By October 22, 2013, those steel beams were in place as part of the framework for the central spire. According to Cowan, by Thanksgiving of that year most of the roof's structure was completed.

The metal components of the 35-foot central spire had been assembled on the ground north of the tabernacle. Its octagonal base was designed to be attached to the framework already in place above the building's roof. 

Before the central spire was put into place, the four repaired turrets that were rebuilt with some of the original wood and new wood were put in place. By the end of January 2014, the major components of the roof were in place.

The next project was to get the slate shingle roofing on. That was completed, and by the end of March the tower was ready. 

Church officials had determined the placing of the Angel Moroni statue on the middle spire should bring as little attention as possible.

"Builders had planned to place the angel early in the morning of the first day of April," Cowan said. "But they made a last-minute decision to accomplish this task one day earlier because of forecast of unfavorable weather."

Word of the change leaked out, and by the afternoon hundreds of spectators had gathered at the Historic Courthouse across the street, at the post office parking lot to the south and at other locations to see Moroni placed on the spire.

For many members of the LDS Church, the placement of Moroni on any temple is usually the moment when it truly becomes a temple for them.

"As the statue was lowered into place, applause erupted from the crowd of about 1,000 eager onlookers who had gathered," Cowan said. "While placing the figure of Moroni atop the temple's tower was undoubtedly the most visible achievement, many other projects also beautified the temple's exterior."

The construction site

The construction site of the Provo City Center Temple ignited the curiosity of people from around the world.

Interest in the construction process was clearly visible by the volume of daily visitors pressing their faces to the chain-link fence surrounding the site, by the cameras set up for time-lapse photos in nearby offices and from the millions of pageviews on personal temple blogs and news websites.

So great was the interest that full-time LDS missionaries were temporarily stationed at the east gates to answer questions.

That curiosity goes to the very top leadership of the LDS Church. On Aug. 21, 2014, Kirby hosted President Dieter F. Uchtdorf, second counselor in the First Presidency, in a very up-close-and-personal tour of the temple construction site.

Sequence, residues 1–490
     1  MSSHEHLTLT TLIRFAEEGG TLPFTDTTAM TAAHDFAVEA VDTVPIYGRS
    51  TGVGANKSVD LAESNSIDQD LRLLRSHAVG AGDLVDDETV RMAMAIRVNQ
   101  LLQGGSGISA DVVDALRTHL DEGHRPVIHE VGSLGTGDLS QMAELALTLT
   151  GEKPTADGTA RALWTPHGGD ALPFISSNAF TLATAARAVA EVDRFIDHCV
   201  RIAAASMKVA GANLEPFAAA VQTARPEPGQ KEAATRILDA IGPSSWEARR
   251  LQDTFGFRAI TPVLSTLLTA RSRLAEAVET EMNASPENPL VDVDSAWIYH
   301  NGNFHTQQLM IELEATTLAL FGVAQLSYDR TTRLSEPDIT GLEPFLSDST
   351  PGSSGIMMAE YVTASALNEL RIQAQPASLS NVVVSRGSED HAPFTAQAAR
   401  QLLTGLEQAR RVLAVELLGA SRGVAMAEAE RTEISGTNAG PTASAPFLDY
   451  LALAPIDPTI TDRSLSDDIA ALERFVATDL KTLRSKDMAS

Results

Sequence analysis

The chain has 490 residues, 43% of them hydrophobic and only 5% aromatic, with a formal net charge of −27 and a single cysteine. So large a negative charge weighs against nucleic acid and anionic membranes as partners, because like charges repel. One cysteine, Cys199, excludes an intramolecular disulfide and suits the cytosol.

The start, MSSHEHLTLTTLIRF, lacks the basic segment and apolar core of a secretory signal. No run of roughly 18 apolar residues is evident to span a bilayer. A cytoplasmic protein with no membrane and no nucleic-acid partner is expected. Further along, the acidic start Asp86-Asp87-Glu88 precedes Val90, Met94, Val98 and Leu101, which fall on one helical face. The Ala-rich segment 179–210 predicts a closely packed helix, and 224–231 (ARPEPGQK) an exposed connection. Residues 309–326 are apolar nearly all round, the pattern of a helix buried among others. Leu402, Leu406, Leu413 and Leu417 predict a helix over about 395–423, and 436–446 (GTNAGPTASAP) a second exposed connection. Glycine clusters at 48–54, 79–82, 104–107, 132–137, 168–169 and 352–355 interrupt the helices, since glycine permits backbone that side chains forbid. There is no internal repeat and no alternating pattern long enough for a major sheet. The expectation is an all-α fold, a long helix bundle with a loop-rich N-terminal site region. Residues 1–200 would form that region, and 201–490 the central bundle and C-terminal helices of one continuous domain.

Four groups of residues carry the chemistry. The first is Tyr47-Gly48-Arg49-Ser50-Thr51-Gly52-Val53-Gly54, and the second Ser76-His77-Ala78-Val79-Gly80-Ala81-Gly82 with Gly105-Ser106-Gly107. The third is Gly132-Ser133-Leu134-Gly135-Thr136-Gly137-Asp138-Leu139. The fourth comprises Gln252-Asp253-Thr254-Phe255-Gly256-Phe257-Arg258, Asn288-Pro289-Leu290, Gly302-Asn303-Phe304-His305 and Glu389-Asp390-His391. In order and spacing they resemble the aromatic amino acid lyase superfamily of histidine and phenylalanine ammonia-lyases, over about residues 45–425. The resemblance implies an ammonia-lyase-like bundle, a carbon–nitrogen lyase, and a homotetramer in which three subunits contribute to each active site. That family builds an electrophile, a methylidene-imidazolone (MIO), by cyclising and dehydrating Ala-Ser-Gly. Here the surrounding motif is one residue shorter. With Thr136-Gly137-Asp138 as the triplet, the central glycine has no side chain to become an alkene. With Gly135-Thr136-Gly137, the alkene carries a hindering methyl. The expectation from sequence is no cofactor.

So great was his interest that Uchtdorf climbed the scaffolding that surrounded the outside of the historic brick walls.

It was reported that as he looked at the intricacies of the brick from the scaffolding, he noted he could see how the building had been elevated as it was being prepared for a higher purpose as a temple.

“There have been many engineering marvels,” said Kirk Dickamore with Jacobsen Construction.

Dickamore said that one-of-a-kind systems and construction innovation gave the crews a renewed sense of hope and purpose.

For Kirby, it is a "beautiful symbol of rebirth." Kirby, who grew up in Mapleton, has a personal connection to the tabernacle turned temple. He remembers his last time in the tabernacle was to hear an organ recital.

"A part of the beauty of the building is that it's not perfect; it's very personal ... it has some character. Even the bricks vary," Kirby said during a speech at the Provo Rotary Club.

John Emery, senior project manager for Jacobsen Construction, feels the same way.

"It's a pleasure to get up and come to work," he said.

Jensen said: “I am really impressed with the level of detail the LDS Church has put into reproducing, replicating and restoring the exterior architecture. My wife’s office sits across the street, and we’ve been able to watch the process over the past couple of years.

“First, with all of the plastic covering it as they cleaned and re-pointed the brick, and then, with rebuilding the turret roofs, and finally, replicating the original center tower that had been removed so many decades ago.

"The building truly is a landmark structure in Provo, and the setting it is in now, and the use it will have, will guarantee its preservation for generations.”

Daily Herald reporter Genelle Pugmire can contacted at gpugmire@heraldextra.com, (801)344-2910, Twitter @gpugmire